Oscar winner Natalie Portman could have saved herself hours of agony while filming ballet film Black Swan by wearing a new type of gel-based ballet shoe.
The shoes, recently released by London shoemaker Capulet, contain a shock-absorbing gel that hardens on impact, cushioning the dancer’s foot when landing. According to the company, the shoes will last 30 times longer than traditional ballet shoes.
“The Pointe shoe uses d3o material with intelligent molecules that flow as you move but on shock, lock together to absorb impact energy,” the company says.
d3o is a material commonly used for impact protection, developed by British chemical engineering company d3o Lab.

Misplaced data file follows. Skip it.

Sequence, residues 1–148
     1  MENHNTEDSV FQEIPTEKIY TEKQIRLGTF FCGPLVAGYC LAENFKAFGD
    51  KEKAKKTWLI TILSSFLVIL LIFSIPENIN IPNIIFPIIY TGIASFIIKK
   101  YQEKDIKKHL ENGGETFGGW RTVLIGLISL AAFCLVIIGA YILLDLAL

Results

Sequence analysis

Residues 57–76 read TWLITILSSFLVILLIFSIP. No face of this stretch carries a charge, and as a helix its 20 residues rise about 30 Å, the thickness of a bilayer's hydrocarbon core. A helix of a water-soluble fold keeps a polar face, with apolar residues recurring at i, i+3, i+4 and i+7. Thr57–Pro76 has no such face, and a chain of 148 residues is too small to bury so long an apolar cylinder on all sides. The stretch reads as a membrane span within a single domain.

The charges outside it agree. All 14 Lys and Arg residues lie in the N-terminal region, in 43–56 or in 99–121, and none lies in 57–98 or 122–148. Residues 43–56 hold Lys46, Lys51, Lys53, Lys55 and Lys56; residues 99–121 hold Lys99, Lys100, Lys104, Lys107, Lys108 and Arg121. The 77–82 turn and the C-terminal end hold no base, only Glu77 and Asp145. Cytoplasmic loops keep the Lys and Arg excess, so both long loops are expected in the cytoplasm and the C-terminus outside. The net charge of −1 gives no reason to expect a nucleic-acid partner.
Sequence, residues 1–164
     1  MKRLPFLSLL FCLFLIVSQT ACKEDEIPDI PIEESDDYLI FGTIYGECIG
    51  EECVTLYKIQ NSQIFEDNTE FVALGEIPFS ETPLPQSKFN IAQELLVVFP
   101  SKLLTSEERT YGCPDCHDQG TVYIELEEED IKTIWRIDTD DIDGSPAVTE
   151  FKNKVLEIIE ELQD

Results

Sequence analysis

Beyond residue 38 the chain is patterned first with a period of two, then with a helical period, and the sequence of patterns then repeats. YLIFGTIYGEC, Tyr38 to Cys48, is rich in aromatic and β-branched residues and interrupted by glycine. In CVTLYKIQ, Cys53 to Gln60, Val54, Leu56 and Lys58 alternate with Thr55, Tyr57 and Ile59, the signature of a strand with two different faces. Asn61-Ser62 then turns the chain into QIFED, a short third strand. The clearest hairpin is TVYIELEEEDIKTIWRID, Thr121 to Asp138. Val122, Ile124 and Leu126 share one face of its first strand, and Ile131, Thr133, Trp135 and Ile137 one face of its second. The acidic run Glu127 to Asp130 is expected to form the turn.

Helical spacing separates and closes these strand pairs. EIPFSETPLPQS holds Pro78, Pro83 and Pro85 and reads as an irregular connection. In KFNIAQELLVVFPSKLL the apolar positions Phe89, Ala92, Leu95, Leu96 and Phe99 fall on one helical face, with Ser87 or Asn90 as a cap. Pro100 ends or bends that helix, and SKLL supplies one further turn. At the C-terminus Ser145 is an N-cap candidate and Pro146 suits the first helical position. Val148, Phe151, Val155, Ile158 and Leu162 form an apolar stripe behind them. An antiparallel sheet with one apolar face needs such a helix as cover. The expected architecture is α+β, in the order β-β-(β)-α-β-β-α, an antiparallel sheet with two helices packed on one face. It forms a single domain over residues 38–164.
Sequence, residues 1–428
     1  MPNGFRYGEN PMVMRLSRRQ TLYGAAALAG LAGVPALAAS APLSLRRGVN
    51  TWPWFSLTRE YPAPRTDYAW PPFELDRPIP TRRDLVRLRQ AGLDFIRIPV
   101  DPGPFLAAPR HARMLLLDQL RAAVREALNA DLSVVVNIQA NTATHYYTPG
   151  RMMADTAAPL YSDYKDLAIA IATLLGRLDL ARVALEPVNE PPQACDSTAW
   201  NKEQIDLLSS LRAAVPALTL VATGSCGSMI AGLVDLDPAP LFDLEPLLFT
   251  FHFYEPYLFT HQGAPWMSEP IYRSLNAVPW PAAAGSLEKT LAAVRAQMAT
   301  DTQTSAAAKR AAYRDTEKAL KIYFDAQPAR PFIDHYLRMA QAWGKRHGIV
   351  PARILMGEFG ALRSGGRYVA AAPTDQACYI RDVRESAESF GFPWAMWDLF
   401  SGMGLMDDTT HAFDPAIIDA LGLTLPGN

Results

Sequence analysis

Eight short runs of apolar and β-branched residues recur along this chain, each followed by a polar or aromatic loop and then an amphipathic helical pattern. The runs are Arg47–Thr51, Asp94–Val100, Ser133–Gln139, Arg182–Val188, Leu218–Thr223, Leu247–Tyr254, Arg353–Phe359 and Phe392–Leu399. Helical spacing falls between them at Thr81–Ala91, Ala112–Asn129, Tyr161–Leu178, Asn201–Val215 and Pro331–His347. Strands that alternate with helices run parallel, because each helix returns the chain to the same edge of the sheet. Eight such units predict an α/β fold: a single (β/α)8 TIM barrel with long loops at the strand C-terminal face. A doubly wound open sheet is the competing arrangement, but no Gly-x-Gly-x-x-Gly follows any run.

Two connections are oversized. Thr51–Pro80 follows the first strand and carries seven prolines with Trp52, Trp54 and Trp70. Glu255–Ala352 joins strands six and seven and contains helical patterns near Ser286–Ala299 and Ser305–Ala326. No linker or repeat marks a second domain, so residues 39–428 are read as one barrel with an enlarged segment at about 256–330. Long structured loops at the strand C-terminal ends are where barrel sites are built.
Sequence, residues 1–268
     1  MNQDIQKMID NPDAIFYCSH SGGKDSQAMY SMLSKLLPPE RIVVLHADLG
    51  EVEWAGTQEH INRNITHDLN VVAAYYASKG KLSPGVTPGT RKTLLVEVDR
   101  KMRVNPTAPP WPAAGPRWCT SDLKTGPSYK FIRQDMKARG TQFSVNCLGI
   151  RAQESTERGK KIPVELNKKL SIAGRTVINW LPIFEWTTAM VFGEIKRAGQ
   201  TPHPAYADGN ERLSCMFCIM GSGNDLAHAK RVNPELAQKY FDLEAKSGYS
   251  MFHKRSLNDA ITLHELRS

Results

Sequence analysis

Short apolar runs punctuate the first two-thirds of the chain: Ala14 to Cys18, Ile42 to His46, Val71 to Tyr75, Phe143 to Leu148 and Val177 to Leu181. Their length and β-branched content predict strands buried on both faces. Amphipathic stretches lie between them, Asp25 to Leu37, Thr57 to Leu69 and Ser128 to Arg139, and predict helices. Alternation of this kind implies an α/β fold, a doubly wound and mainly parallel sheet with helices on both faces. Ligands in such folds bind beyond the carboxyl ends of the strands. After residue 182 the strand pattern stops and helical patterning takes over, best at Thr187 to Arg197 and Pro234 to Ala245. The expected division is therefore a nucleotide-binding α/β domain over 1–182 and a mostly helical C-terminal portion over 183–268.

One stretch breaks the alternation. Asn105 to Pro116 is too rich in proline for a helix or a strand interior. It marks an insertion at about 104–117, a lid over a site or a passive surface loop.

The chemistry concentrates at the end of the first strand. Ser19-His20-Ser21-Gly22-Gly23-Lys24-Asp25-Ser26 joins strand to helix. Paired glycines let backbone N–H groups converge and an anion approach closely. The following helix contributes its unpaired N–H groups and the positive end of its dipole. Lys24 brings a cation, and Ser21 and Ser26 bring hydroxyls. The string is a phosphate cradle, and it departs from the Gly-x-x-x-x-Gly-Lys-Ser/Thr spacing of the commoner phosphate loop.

The lightweight material is highly flexible and malleable until subjected to abrupt force, making it useful in protective clothing in situations where the wearer may be exposed to blunt trauma.
For example, the material has been used in the production of protective garments worn by Olympic skiers.
Ballet shoes and sportswear are two items that have had a dose of d3o but are there other products that could benefit different sports? Indeed, with the government pumping $14 million so far this year into new inventions, innovation in the area of sport equipment could be well rewarded.